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    What GAO Found In June 2019, GAO identified 10 critical federal information technology (IT) legacy systems that were most in need of modernization. These legacy systems provided vital support to agencies' missions. According to the agencies, these legacy systems ranged from about 8 to 51 years old and, collectively, cost about $337 million annually to operate and maintain. Several of the systems used older languages, such as Common Business Oriented Language (COBOL). GAO has previously reported that reliance on such languages has risks, such as a rise in procurement and operating costs, and a decrease in the availability of individuals with the proper skill sets. Further, several of the legacy systems were operating with known security vulnerabilities and unsupported hardware and software. Of the 10 agencies responsible for these legacy systems, GAO reported in June 2019 that seven agencies (the Departments of Defense, Homeland Security, the Interior, the Treasury; as well as the Office of Personnel Management; Small Business Administration; and Social Security Administration) had documented plans for modernizing the systems (see table). Of the seven agencies with plans, only the Departments of the Interior's and Defense's modernization plans included all of the key elements identified in best practices (milestones, a description of the work necessary to complete the modernization, and a plan for the disposition of the legacy system). The other five agencies lacked complete modernization plans. The Departments of Education, Health and Human Services, and Transportation did not have documented modernization plans. Table: Extent to Which Agencies' Had Documented Modernization Plans for Legacy Systems That Included Key Elements, as of June 2019 Agency Included milestones to complete the modernization Described work necessary to modernize system Summarized planned disposition of legacy system Department of Defense Yes Yes Yes Department of Education n/a – did not have a documented modernization plan Department of Health and Human Services n/a – did not have a documented modernization plan Department of Homeland Security No Yes No Department of the Interior Yes Yes Yes Department of the Treasury Partial Yes No Department of Transportation n/a – did not have a documented modernization plan Office of Personnel Management Partial Partial No Small Business Administration Yes No Yes Social Security Administration Partial Partial No Source: GAO analysis of agency modernization plans. | GAO-21-524T Agencies received a “partial” if the element was completed for a portion of the modernization. GAO stressed that, until the eight agencies established complete plans, their modernizations would face an increased risk of cost overruns, schedule delays, and project failure. Accordingly, GAO recommended that each of the eight develop such plans. However, to date, seven of the agencies had not done so. It is essential that agencies implement GAO's recommendations and these plans in order to meet mission needs, address security risks, and reduce operating costs. Why GAO Did This Study Each year, the federal government spends more than $100 billion on IT and cyber-related investments. Of this amount, agencies have typically spent about 80 percent on the operations and maintenance of existing IT investments, including legacy systems. However, federal legacy systems are becoming increasingly obsolete. In May 2016, GAO reported instances where agencies were using systems that had components that were at least 50 years old or the vendors were no longer providing support for hardware or software. Similarly, in June 2019 GAO reported that several of the federal government's most critical legacy systems used outdated languages, had unsupported hardware and software, and were operating with known security vulnerabilities. GAO was asked to testify on its June 2019 report on federal agencies' legacy systems. Specifically, GAO summarized (1) the critical federal legacy systems that we identified as most in need of modernization and (2) its evaluation of agencies' plans for modernizing them. GAO also provided updated information regarding agencies' implementation of its related recommendations.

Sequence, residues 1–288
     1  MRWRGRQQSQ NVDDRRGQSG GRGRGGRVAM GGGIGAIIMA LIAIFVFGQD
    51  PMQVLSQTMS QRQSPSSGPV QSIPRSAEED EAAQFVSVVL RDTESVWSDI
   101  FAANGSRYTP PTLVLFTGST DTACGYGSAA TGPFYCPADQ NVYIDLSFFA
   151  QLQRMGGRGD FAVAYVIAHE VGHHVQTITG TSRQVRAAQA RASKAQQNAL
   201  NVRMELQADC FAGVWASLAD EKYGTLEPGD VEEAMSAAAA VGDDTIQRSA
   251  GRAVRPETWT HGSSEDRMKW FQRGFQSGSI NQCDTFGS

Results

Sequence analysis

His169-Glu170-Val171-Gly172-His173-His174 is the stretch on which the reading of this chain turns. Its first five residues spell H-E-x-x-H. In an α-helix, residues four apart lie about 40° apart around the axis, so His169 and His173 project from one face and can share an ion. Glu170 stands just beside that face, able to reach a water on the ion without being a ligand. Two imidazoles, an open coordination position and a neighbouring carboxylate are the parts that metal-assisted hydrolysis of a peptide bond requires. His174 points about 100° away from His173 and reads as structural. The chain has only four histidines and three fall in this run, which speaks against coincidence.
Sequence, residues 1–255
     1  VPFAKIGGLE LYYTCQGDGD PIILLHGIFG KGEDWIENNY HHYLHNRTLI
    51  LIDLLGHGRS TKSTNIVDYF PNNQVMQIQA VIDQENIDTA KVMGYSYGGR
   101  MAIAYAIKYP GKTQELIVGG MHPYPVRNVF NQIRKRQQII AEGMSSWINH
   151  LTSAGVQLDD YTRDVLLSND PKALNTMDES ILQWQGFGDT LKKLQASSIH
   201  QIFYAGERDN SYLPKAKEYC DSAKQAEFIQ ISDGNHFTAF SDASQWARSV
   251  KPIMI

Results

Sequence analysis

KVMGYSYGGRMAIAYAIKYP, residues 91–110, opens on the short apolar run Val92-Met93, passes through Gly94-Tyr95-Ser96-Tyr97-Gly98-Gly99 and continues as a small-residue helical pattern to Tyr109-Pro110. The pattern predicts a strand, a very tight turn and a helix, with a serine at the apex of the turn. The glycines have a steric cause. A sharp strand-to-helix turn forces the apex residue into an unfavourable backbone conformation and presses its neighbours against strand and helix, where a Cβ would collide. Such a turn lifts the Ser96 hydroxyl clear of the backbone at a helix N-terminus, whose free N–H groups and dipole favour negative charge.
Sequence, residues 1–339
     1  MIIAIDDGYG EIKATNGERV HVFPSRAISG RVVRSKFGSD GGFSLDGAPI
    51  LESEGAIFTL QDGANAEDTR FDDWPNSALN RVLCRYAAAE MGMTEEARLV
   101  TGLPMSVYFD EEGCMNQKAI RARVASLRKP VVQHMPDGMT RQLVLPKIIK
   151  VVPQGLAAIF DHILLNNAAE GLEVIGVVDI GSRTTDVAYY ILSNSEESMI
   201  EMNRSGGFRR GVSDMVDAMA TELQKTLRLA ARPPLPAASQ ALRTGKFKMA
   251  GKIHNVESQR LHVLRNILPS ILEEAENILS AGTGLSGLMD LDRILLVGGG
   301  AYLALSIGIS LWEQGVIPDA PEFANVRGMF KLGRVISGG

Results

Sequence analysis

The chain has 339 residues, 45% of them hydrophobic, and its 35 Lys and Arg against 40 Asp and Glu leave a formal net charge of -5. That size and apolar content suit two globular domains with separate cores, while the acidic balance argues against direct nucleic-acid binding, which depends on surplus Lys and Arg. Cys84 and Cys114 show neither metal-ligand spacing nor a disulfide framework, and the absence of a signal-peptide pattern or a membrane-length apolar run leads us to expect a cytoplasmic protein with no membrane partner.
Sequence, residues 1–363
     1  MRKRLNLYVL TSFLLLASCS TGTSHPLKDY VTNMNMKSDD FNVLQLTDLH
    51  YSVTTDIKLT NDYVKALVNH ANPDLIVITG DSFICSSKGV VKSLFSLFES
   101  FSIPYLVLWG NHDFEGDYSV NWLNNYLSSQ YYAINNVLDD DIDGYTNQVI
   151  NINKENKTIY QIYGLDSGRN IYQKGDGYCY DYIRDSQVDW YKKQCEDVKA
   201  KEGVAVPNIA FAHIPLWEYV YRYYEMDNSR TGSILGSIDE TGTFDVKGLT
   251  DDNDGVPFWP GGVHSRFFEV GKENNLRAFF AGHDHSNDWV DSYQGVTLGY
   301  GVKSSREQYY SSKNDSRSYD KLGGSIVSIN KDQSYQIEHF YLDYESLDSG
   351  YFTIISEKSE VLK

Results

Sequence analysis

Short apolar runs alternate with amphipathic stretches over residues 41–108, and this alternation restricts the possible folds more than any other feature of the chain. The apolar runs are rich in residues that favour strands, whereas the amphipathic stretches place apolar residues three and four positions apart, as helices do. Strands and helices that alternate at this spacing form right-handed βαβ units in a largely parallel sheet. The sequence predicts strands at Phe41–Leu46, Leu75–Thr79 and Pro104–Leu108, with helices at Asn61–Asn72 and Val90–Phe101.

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    In Crime Control and Security News